China, Asia chip markets gain strength

May 04, 2021 // By Peter Clarke
China, Asia chip markets gain strength
The chip market in China was up more than 25 percent year-on-year in March and the market in the rest of Asia-Pacific up by 20 percent, according to data gathered by World Semiconductor Trade Statistics and reported by the Semiconductor Industry Association (SIA).

Because the SIA reports three-month averaged sales these March figures are proxies for the 1Q21. The relative performance may reflects that China and Asia-Pacific markets slowed in the 1Q20 in response to the Covid-19 pandemic. But the data likely also reflects strong demand in 2021 that is not being met by suppliers and is driving up component prices.

All regions exhibited annual growth ranging from Europe at 8.7 percent, the Americas at 9.2 percent and a strong performance from Japan at 13.0 percent. The global chip market therefore grew 17.8 percent on an annual basis.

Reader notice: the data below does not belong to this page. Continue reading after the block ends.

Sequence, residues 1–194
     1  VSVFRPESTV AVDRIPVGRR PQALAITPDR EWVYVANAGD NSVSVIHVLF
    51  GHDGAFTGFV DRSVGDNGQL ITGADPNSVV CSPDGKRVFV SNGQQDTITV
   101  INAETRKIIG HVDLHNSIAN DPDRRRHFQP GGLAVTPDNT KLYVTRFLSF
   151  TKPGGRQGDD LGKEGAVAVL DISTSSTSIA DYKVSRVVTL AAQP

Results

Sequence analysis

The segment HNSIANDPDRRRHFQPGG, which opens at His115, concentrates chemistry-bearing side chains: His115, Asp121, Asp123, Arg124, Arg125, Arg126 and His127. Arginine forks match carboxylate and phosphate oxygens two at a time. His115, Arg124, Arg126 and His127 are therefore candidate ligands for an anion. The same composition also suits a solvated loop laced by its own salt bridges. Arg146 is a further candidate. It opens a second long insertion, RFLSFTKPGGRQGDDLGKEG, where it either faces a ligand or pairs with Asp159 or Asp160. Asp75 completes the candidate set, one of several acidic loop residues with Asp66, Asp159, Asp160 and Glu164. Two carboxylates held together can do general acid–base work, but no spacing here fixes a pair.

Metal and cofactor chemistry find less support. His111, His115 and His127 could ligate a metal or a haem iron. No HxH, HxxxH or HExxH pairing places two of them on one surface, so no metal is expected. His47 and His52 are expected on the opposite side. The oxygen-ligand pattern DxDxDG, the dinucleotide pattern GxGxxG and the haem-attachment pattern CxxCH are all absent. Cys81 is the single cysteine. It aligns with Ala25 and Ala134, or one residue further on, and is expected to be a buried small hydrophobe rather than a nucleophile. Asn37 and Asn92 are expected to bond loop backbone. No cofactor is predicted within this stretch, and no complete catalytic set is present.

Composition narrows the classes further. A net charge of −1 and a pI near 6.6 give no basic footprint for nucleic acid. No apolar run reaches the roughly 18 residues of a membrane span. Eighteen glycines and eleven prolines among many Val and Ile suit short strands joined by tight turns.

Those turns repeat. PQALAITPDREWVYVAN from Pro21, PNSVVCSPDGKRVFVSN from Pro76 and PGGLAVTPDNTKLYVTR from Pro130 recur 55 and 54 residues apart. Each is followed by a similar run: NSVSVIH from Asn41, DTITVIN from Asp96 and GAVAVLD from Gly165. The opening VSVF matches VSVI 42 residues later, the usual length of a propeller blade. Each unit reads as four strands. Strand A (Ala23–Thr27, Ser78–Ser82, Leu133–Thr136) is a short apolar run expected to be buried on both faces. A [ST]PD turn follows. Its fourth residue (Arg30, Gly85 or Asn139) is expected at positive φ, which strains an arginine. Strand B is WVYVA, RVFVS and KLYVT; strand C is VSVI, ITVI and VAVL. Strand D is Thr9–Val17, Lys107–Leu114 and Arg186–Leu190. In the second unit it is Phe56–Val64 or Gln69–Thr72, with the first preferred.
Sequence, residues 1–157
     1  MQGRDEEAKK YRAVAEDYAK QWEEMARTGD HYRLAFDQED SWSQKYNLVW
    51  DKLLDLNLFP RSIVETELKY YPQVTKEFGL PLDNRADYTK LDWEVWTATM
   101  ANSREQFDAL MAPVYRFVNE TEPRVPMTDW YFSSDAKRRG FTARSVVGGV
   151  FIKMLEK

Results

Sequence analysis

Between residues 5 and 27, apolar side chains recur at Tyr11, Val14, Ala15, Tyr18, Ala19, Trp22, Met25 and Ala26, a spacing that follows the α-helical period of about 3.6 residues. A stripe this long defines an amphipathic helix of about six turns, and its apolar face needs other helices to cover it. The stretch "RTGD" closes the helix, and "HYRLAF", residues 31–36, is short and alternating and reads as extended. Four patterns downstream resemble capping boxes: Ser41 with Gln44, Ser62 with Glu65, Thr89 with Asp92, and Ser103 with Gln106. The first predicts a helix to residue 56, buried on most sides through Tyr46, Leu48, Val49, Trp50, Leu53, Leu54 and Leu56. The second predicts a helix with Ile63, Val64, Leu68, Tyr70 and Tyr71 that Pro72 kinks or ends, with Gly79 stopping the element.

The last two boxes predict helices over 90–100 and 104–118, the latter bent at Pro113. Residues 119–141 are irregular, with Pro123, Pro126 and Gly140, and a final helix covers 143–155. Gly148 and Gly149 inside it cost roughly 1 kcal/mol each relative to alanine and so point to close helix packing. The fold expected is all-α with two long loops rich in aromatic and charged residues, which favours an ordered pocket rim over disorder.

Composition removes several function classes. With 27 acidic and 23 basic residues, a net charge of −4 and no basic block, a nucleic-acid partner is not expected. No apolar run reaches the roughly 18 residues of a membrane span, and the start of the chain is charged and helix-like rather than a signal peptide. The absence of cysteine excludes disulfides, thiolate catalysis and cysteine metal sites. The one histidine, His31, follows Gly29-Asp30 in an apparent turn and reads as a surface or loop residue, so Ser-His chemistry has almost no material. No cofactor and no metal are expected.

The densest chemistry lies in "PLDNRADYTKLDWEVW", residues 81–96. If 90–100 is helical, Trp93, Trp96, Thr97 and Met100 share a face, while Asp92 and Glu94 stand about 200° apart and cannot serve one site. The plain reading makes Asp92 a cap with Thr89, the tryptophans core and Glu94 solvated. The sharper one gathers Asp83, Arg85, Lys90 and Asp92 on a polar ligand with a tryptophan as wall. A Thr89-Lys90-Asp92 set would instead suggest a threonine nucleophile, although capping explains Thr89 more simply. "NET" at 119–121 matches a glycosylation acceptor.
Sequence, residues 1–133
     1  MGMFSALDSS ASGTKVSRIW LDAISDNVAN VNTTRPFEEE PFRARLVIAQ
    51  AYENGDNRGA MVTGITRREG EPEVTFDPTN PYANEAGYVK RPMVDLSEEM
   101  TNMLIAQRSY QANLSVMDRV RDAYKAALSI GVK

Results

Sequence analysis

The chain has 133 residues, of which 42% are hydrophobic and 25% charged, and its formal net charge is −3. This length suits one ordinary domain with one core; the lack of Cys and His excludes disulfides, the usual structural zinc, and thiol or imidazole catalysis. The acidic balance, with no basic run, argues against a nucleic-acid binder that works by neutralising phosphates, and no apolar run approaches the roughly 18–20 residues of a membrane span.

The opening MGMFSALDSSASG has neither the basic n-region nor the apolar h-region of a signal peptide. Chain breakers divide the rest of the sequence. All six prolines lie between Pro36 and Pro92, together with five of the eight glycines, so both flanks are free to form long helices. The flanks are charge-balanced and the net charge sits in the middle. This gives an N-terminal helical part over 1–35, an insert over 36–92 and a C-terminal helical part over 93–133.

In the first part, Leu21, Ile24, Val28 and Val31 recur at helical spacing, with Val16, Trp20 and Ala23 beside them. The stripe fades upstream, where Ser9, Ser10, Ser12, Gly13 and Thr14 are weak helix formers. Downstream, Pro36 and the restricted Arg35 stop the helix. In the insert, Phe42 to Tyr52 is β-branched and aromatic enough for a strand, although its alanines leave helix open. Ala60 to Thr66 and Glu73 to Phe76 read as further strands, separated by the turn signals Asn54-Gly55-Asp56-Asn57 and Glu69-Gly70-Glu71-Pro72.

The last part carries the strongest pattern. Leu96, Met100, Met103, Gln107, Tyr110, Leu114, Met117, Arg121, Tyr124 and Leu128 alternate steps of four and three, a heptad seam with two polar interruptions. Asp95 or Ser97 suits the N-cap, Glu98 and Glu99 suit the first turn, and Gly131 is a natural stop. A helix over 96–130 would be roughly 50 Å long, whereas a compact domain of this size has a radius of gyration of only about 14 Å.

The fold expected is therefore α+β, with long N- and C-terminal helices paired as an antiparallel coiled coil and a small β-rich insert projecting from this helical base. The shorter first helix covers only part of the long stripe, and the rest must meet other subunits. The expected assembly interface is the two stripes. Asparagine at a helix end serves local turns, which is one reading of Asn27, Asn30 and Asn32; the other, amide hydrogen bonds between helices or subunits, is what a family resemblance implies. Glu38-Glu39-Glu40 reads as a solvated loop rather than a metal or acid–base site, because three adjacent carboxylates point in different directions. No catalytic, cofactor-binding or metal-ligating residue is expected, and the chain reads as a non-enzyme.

The three-month averaged sales show that China and the Asia-Pacific region together were responsible for $26.05 billion of averaged sales in March – or $78.15 billion in the 1Q21. This represents of 63.5 percent of total semiconductor sales. In contrast Japan with just $3.26 billion of three-month averaged sales holds 7.9 percent, Europe holds 9.0 percent and the Americas 19.6 percent.

 

Three-month average of chip sales by geographic region for March and February 2021. Source: SIA/WSTS.

Monthly data is given by the SIA as a three-month average although the source of the data, the WSTS, tracks actual monthly data. The SIA and other regional semiconductor industry bodies opt to use averaged data because it evens out the actual data that typically shows troughs at the beginnings of quarters and peaks at the ends of quarters.

Related links and articles:

www.eusemiconductors.eu

www.semiconductors.org

News articles:

China's chip market booms as global sales strength continues

Europe left behind as chip market takes-off

Pace of chip market growth slows in China

V-shaped pandemic sets up chip shortages, rising prices in 2021


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